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Note: This book was WINNER of the Irish Book Award for Novel of the Year when it was published in Ireland in 2016. It was also WINNER of the Goldsmiths Prize.

“Oblivion…that fissure in creation where everything is consumed in the raging tides and swells of non-being, the physical world gone down in flames…and pulling with it also all those human rhythms that bind us together and draw the world into a community, those daily rites, rhythms and rituals upholding the world like solar bones, that rarefied amalgam of time and light…visible from the moment I get up in the morning…”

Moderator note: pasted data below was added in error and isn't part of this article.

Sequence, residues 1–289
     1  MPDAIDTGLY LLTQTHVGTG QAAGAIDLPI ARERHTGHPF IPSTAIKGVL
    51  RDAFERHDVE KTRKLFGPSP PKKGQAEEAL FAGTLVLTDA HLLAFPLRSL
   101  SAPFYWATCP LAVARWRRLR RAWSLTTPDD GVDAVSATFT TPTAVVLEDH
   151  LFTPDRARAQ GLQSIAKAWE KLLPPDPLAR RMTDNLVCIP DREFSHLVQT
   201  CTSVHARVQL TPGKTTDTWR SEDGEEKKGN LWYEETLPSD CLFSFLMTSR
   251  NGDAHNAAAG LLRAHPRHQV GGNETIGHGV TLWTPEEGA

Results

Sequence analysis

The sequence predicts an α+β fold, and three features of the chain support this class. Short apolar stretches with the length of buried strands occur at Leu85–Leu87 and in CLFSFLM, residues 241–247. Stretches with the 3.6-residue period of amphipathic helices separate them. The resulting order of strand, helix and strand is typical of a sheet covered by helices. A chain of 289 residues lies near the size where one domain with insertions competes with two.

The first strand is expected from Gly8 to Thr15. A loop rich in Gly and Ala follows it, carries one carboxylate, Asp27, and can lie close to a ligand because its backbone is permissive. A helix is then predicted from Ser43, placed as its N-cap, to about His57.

cover solar bonesMarcus Conway, a sensitive man in his early fifties, hears the Angelus bell, a call to prayer, upon returning to his house in the Mayo village of Louisburgh, where his family has lived for unnumbered generations. He is “pale and breathless” – confused, even – and notes that “There is something strange about all this, some twitchy energy in the ether which has affected me from the moment those bells began to toll, something flitting through me, a giddiness drawing me.” He has had a busy morning, with meetings and his job as a civil engineer, but he is home alone at last, his wife at work as a teacher, his artist daughter Agnes happy with her first art show, controversial as it was, and his son Darragh in Australia, exploring new worlds. Standing in his kitchen, he feels as if “there are thresholds to cross, things to be settled, checks to be run,” and as he picks up and reads the local newspaper left for him by his wife, he sees front-page stories telling that “the world is going about its relentless business of rising up in splendour and falling down in ruins with wars still ongoing in foreign parts… while closer to home, the drama is in a lower key but real nonetheless…you can feel the flesh and blood element twitching in them.”